Code of Confidentiality

Introduction

Confidentiality is one of the foundation stones of any support work. People may be feeling vulnerable as a result of their illness and all that is going on in their lives. Great sensitivity to their needs, both spoken and unspoken is essential. In order to feel able to speak freely, people in need must be able to trust the person they are talking to. This trust takes time to build up. Assuring them of our respect and our confidentiality is an important way of building this trust. Any breaches in this policy, intentional or other-wise, can destroy a fragile person, and can become the first step towards bringing CSF into disrepute.

Client disclosures

Volunteers undertake to treat information about clients as private and confidential. This undertaking continues after the volunteer and/or client ends their relationship with the Cancer Support organisation, for whatever reason.
Clients need to understand that some information may be made available to other members of the Cancer Support team in some circumstances. This may happen:

  • when the volunteer needs to consult a fellow team member for information on how best to support the client;
  • when a volunteer needs support for him/herself from a fellow team member relating to their volunteer work in the organisation.

Exceptional circumstances may make it necessary to disclose information to a third party, wherever possible after discussion with, and with the prior consent of the person concerned. Disclosure of information would only be made:

  • if required by law or a court order;
  • if justified in the wider public interest, for example to protect the client or others from the risk of significant harm;
  • if a client made a formal complaint against a volunteer or the organisation, in response to such a complaint.

Any information given would be restricted to the minimum necessary in any of these situations, and disclosed only to someone with a legitimate need to know it.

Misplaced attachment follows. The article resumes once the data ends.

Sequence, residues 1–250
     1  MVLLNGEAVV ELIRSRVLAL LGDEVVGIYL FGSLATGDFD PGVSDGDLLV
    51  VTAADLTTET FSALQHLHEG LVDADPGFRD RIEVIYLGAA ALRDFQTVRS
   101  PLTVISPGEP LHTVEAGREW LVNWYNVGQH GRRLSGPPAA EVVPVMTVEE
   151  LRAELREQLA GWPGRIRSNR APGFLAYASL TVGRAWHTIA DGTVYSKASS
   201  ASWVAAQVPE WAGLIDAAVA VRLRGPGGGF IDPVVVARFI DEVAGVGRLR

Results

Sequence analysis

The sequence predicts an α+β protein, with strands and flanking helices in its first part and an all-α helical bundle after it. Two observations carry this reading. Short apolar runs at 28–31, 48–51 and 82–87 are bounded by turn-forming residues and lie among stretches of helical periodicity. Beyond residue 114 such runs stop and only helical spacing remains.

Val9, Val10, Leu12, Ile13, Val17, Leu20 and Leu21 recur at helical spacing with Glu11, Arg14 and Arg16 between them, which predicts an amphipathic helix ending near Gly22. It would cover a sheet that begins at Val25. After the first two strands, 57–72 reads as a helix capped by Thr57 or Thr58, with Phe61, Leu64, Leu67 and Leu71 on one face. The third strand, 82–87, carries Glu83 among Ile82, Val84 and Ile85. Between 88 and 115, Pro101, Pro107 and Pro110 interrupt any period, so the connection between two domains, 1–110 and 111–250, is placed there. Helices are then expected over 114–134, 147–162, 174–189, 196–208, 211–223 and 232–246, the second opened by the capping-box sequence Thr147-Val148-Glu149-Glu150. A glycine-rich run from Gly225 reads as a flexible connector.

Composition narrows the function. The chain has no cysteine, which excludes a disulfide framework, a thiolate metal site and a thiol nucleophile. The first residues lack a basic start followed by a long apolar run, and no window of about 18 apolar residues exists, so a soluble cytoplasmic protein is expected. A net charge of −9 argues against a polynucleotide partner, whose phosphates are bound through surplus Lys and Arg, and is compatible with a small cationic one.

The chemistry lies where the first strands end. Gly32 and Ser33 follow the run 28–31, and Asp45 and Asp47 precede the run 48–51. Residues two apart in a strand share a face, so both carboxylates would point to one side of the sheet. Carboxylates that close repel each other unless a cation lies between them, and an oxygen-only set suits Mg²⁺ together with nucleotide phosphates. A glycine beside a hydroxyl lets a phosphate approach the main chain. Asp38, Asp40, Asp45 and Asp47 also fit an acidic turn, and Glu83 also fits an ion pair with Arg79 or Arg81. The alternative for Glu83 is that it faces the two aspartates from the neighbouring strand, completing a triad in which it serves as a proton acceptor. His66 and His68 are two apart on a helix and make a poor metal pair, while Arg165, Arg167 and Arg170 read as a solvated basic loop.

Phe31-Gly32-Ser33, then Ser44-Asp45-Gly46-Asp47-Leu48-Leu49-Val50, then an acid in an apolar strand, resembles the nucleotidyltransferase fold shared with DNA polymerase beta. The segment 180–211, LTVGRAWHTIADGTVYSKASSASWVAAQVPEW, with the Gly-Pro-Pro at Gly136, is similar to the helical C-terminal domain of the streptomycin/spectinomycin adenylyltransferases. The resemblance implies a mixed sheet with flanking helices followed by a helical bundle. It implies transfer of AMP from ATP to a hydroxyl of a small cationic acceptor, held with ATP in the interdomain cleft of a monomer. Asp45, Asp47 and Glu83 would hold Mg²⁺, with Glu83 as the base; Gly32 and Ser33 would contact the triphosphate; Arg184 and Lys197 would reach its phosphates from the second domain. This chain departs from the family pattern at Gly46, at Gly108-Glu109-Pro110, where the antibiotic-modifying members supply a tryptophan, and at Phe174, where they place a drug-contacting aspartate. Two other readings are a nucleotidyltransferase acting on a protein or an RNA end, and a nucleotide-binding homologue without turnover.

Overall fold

Volunteers will take responsibility for:

  • explaining the confidentiality policy to each client during their first contact/visit;
  • explaining to the client that the organisation cannot guarantee the confidentiality of any information shared by email, because the nature of the internet means this is beyond the organisation’s control.

Confidentiality of written information

Whether personal information on both clients and volunteers is kept in a branch office or elsewhere, it needs to be kept secure. Paper information needs to be stored in a locked facility, accessible only to those entitled to see it. For information stored on computers, associations like ours are exempt from registering under the French equivalent of Data Protection legislation. However, there is a requirement to inform anyone whose personal information is held on the computer, what information is being held. They are entitled to view the information, and to correct or delete it if they want to.

The organisation and its members cannot be held responsible for maintaining the confidentiality of information which is already in the public domain.

Policy agreed by the Conseil d’Administration of CSF National

February 2012

Linda Shepherd
President CSF National